While ESA continues to grapple with balky parachutes ahead of the ExoMars 2020 mission, the cameras for the Rosalind Franklin rover have been fitted to the British-built trundlebot.
The "PanCam", which sits on top of a mast that rises two metres above the ground, is designed to provide Earthbound boffins with 3D stereo imagery of the terrain around the rover. As well as identifying where the machine actually is and picking interesting sites on which to wield the rest of the trundlebot's suite of instruments, the camera will also be used to study the atmosphere.
Comprising two Wide Angle Cameras (WAC), each of which is fitted with a 12-position filter wheel in order to study different wavelengths, the PanCam will also monitor the samples taken by the rover's drill before they are ingested and crushed within the machine's internals.
As well as the WACs, with their 37°, fixed-focus field of view, the PanCam is also fitted with a single High Resolution Camera (HRC). The HRC will be used for capturing high-resolution colour images and has an autofocus mechanism, although only a 5-degree field of view.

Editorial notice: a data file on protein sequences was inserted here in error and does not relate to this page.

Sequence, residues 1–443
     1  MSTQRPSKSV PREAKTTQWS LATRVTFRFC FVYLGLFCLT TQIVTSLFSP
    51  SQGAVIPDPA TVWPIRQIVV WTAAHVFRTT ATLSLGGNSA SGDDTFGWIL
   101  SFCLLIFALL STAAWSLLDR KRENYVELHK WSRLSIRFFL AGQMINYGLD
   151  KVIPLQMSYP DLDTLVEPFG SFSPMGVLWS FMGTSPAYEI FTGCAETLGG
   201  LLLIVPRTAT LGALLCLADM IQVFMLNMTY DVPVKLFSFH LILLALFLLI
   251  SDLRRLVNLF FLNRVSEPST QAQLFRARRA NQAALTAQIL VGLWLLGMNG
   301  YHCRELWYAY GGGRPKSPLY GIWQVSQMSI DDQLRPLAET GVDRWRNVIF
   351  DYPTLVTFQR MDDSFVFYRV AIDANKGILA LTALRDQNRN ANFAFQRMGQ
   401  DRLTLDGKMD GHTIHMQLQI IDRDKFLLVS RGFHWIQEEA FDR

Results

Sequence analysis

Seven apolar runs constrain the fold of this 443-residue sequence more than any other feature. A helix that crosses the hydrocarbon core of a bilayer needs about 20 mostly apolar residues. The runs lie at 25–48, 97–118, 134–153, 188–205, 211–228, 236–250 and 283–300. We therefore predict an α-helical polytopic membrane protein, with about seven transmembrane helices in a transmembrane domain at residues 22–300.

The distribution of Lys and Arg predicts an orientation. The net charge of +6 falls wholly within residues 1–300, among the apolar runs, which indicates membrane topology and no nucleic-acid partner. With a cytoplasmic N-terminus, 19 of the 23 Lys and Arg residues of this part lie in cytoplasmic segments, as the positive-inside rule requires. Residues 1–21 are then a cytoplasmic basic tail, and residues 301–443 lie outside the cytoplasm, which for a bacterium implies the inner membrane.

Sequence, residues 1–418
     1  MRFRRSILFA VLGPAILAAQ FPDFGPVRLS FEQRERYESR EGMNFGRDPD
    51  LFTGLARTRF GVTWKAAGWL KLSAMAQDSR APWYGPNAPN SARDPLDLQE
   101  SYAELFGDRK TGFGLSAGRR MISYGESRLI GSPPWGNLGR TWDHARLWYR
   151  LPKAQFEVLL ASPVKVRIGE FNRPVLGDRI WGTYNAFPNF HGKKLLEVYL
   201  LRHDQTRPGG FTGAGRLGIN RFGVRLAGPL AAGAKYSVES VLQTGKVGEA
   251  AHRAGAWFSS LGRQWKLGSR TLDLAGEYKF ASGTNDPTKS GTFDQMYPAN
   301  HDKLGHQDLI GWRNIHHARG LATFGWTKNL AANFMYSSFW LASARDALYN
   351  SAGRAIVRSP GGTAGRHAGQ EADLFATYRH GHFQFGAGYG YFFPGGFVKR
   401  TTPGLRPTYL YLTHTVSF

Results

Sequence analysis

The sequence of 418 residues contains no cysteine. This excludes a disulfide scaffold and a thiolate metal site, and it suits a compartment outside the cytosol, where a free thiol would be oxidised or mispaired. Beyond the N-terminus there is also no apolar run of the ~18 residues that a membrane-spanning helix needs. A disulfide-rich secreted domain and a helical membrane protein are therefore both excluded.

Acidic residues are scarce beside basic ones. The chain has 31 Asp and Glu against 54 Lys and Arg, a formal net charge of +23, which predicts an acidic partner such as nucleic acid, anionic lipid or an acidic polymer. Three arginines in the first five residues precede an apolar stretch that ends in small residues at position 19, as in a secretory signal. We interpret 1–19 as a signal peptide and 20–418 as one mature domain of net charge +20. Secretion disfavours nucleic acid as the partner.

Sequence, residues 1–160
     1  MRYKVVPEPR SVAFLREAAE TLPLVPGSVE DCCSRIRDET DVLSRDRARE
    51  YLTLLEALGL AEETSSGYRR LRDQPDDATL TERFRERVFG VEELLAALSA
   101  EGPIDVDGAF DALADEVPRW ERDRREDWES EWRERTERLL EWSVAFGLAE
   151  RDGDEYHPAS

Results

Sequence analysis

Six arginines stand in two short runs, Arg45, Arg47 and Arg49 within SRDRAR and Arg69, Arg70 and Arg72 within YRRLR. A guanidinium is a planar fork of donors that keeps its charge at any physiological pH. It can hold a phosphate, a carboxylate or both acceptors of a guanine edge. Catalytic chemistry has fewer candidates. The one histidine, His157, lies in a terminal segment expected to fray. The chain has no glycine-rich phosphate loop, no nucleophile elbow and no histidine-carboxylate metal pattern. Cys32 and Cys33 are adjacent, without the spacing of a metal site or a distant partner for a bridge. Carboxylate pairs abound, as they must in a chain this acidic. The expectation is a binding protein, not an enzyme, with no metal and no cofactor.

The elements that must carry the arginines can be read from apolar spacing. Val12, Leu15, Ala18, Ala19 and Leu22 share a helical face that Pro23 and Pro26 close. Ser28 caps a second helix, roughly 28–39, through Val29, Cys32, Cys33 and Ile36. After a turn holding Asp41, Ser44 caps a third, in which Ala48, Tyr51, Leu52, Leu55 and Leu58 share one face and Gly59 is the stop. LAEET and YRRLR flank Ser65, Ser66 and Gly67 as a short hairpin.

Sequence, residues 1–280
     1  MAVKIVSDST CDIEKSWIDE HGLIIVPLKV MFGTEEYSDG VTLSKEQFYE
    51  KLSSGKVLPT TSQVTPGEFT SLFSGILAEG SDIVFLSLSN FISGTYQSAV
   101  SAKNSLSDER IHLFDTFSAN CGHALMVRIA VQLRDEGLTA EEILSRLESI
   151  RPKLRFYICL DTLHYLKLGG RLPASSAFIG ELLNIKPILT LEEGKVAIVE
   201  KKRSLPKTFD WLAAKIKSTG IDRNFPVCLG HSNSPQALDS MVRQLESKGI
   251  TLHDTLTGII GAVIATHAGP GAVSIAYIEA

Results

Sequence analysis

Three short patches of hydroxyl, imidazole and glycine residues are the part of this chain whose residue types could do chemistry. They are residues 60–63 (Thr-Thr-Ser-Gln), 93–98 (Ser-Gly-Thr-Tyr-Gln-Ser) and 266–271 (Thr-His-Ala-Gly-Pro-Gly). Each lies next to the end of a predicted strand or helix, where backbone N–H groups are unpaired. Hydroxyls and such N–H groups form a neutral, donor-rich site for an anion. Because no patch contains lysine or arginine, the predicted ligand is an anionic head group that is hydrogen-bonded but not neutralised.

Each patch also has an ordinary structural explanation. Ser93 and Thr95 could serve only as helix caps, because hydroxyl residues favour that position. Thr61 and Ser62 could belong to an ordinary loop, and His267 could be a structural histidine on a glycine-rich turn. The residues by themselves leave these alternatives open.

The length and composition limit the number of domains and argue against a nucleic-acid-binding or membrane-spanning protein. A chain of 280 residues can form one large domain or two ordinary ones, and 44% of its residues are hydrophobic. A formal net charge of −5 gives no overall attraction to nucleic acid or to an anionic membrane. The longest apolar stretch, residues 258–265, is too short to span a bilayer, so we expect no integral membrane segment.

The optics sit on a unit capable of panning and tilting on top of the mast assembly.
Professor Andrew Coates, PanCam principal investigator from the UCL Mullard Space Science Laboratory, was understandably chuffed to see the fruits of 15 years of labour bolted to the Rosalind Franklin rover at Airbus Defence and Space in Stevenage, Hertfordshire. He said: "Now we are ready to go. Next stop Mars!"
Hopefully that landing on Mars will not be at a velocity that leaves those painstakingly assembled instruments scattered over the surface of the red planet. We checked in with ESA to see how things were going with the parachutes following the test failures earlier this month and were told by a spokesperson: "We are fast, but not that fast."
Which is fair enough.
The PanCam – which also includes work from the University of Aberystwyth as well as dozens of other experts across the UK, Switzerland, Germany and Austria – is due for launch in July 2020, assuming ESA is able to solve the current parachute problem.
Otherwise the only thing those optics will encounter is the ground. Terribly, terribly fast. ®